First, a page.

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[12] But in Cicero we have one who is not, [p. 457] like Euphranor, merely distinguished in a number of different forms of art, but is supreme in all the different qualities which are praised in each individual orator.1 And yet even his own contemporaries ventured to attack him on the ground that he was bombastic, Asiatic, redundant, given to excessive repetition, liable at times to be pointless in his witticisms, sensuous, extravagant and (an outrageous accusation!) almost effeminate in his rhythm.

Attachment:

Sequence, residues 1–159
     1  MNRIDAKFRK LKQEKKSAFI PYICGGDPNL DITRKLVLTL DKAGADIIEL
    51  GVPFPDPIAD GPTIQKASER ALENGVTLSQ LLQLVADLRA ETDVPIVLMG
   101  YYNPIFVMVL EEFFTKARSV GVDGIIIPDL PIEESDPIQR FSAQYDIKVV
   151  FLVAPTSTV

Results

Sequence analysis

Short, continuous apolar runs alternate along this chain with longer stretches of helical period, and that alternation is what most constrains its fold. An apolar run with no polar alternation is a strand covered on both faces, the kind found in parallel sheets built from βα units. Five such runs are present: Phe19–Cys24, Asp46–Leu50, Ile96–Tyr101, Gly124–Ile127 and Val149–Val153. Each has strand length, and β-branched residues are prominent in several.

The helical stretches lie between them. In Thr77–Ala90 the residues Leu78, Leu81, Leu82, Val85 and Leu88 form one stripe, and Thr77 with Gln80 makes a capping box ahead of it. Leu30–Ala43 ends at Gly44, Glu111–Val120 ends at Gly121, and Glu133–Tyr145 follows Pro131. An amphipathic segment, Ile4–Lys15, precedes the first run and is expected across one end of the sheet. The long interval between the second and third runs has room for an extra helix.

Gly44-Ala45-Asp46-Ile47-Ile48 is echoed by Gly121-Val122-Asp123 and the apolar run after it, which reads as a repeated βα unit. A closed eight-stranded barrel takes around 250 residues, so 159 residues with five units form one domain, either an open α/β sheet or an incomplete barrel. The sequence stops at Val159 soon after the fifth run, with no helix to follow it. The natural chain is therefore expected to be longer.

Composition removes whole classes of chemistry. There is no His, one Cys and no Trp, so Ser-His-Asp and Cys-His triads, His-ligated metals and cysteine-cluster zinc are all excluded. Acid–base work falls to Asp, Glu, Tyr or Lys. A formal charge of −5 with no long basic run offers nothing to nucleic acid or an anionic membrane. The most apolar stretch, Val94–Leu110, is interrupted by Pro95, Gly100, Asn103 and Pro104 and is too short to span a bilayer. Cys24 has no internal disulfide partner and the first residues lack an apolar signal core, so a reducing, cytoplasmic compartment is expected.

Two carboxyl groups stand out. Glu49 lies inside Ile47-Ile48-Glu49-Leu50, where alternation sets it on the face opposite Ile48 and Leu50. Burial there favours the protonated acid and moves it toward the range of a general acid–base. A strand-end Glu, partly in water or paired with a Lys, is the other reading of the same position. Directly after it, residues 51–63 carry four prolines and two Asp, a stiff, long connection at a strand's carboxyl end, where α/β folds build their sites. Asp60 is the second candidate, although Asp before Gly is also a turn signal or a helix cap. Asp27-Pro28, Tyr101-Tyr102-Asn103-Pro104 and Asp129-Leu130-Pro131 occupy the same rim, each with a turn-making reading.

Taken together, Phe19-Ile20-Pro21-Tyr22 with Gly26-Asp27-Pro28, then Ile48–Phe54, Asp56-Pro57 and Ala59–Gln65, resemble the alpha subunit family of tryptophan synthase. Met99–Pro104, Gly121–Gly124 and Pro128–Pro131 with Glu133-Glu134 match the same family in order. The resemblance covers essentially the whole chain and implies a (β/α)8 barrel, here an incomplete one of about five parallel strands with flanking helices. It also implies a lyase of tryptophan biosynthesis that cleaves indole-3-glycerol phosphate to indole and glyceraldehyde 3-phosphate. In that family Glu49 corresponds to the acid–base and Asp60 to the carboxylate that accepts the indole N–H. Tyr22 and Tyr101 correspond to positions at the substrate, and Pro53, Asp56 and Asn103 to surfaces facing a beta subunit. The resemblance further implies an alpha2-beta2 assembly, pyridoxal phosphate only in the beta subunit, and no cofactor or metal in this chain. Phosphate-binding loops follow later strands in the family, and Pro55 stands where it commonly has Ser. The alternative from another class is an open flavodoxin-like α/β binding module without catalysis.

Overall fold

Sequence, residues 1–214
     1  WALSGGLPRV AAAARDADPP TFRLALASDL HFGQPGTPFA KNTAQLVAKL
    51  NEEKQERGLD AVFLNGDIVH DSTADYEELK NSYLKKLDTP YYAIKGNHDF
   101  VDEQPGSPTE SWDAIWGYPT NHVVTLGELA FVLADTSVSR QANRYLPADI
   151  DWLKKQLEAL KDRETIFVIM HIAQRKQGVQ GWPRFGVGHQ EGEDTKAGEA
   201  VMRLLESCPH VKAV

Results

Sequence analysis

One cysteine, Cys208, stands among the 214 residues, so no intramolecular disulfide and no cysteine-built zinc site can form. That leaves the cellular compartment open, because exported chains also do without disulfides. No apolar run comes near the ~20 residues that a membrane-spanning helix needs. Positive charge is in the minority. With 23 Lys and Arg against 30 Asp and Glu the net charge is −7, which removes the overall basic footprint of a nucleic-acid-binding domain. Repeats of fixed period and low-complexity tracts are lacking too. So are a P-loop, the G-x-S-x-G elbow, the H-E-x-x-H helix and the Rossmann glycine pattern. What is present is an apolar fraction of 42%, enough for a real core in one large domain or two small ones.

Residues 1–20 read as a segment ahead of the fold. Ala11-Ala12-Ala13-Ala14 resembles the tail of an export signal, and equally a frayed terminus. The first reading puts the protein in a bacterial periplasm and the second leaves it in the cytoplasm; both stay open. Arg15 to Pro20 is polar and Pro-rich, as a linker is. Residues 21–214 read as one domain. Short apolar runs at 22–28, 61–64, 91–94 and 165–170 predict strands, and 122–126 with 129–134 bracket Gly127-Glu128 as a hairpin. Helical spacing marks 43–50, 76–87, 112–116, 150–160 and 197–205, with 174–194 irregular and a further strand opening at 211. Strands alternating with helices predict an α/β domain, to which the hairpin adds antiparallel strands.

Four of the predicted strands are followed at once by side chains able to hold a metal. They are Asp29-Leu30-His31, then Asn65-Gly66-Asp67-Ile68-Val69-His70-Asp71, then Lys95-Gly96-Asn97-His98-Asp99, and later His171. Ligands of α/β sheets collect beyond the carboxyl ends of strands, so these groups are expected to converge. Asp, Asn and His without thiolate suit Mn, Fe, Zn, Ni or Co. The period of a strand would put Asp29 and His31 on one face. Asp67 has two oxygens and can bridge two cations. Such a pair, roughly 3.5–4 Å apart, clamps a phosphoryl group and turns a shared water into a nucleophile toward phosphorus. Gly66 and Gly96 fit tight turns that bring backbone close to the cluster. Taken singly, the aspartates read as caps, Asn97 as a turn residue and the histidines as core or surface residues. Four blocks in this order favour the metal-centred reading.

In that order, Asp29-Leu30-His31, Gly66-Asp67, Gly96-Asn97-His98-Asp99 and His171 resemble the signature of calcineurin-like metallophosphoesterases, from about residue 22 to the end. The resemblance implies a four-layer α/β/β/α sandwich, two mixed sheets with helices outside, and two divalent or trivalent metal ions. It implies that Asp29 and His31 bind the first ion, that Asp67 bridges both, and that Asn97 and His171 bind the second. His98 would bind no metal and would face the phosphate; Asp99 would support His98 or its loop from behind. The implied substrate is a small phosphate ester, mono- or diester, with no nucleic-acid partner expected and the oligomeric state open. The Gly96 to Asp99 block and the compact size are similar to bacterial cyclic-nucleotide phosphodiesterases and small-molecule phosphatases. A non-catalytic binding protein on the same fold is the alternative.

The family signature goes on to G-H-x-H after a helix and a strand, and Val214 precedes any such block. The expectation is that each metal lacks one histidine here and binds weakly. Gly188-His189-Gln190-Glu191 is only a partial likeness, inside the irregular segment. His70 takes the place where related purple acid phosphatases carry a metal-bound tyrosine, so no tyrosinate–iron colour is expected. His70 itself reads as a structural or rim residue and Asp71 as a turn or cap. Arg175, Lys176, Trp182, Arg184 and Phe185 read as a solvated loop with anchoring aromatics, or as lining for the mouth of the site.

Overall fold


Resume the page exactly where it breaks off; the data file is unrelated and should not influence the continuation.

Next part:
1 Cp. x. i. 105 sq.

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